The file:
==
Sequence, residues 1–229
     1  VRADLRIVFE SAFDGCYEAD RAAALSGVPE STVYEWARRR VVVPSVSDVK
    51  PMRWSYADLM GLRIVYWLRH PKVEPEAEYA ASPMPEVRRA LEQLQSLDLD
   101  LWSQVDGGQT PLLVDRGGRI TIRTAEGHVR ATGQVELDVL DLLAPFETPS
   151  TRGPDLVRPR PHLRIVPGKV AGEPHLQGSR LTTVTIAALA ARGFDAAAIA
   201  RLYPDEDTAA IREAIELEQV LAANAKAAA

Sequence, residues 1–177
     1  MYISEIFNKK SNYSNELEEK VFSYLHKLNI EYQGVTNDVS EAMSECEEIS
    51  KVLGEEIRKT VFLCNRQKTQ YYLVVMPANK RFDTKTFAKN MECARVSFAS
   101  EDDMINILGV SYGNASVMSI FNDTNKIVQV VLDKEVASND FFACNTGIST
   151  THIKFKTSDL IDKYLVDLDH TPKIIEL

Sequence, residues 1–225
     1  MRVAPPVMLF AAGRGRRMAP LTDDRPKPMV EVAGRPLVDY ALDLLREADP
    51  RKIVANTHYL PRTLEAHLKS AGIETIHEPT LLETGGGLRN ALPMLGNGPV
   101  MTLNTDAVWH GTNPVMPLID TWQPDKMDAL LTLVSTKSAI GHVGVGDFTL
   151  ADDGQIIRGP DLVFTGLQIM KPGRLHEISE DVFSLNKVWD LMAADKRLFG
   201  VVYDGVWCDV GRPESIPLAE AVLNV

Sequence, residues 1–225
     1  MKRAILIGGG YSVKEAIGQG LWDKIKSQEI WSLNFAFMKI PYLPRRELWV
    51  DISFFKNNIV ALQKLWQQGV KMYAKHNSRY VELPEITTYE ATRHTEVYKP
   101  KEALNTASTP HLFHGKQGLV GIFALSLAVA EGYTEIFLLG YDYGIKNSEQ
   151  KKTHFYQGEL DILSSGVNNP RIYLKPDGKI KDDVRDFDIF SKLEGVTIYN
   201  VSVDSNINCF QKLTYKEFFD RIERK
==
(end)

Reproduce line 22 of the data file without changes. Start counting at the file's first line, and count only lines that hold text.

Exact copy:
   151  KKTHFYQGEL DILSSGVNNP RIYLKPDGKI KDDVRDFDIF SKLEGVTIYN